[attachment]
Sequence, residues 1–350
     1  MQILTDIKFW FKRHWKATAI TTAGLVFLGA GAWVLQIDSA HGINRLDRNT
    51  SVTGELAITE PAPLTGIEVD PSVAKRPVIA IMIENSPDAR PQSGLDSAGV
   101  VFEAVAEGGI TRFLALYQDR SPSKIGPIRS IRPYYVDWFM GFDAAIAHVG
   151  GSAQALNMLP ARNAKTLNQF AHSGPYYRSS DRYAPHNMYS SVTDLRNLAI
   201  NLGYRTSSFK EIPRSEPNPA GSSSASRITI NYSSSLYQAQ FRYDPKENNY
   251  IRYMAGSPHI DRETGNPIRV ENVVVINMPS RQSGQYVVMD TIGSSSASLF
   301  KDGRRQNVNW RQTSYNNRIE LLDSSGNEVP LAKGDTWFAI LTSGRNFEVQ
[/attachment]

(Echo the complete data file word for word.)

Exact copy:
Sequence, residues 1–350
     1  MQILTDIKFW FKRHWKATAI TTAGLVFLGA GAWVLQIDSA HGINRLDRNT
    51  SVTGELAITE PAPLTGIEVD PSVAKRPVIA IMIENSPDAR PQSGLDSAGV
   101  VFEAVAEGGI TRFLALYQDR SPSKIGPIRS IRPYYVDWFM GFDAAIAHVG
   151  GSAQALNMLP ARNAKTLNQF AHSGPYYRSS DRYAPHNMYS SVTDLRNLAI
   201  NLGYRTSSFK EIPRSEPNPA GSSSASRITI NYSSSLYQAQ FRYDPKENNY
   251  IRYMAGSPHI DRETGNPIRV ENVVVINMPS RQSGQYVVMD TIGSSSASLF
   301  KDGRRQNVNW RQTSYNNRIE LLDSSGNEVP LAKGDTWFAI LTSGRNFEVQ